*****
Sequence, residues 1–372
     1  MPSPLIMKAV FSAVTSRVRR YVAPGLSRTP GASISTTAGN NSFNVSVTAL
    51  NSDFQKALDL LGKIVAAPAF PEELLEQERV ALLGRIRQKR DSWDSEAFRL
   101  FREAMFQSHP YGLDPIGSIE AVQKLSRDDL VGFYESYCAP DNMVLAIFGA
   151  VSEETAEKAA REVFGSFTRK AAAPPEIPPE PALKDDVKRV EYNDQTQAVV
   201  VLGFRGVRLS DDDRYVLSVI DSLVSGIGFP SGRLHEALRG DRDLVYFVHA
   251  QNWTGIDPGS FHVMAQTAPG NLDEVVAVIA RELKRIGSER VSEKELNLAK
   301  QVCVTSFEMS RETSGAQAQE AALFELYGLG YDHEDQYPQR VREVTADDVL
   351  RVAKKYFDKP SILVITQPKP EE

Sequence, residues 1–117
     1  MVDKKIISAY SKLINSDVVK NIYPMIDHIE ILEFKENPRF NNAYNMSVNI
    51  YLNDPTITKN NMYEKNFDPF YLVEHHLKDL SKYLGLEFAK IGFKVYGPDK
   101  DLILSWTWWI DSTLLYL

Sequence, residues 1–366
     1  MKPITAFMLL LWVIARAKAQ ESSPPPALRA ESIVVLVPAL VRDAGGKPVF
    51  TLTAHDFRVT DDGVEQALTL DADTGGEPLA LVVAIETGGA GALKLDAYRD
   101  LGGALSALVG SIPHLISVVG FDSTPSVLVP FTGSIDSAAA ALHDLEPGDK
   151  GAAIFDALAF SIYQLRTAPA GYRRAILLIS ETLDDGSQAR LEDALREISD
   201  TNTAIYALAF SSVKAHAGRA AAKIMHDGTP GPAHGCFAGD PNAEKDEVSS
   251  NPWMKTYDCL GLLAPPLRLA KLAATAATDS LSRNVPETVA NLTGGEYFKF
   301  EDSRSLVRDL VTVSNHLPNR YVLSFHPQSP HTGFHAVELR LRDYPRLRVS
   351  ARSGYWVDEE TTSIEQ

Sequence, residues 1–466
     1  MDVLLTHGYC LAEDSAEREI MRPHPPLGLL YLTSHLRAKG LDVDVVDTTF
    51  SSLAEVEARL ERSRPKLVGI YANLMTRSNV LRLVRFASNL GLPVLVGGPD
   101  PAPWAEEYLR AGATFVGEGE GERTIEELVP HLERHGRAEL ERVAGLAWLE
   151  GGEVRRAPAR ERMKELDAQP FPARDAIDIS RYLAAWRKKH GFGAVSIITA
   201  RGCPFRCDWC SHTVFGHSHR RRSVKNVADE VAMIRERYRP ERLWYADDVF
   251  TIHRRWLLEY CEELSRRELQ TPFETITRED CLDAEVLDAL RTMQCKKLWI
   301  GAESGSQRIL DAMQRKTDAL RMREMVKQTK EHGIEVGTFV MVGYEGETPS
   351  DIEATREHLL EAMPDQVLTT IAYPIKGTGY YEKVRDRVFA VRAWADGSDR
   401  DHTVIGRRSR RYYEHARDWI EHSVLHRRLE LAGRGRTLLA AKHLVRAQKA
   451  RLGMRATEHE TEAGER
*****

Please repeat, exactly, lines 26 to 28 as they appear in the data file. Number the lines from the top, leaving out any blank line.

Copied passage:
   101  PAPWAEEYLR AGATFVGEGE GERTIEELVP HLERHGRAEL ERVAGLAWLE
   151  GGEVRRAPAR ERMKELDAQP FPARDAIDIS RYLAAWRKKH GFGAVSIITA
   201  RGCPFRCDWC SHTVFGHSHR RRSVKNVADE VAMIRERYRP ERLWYADDVF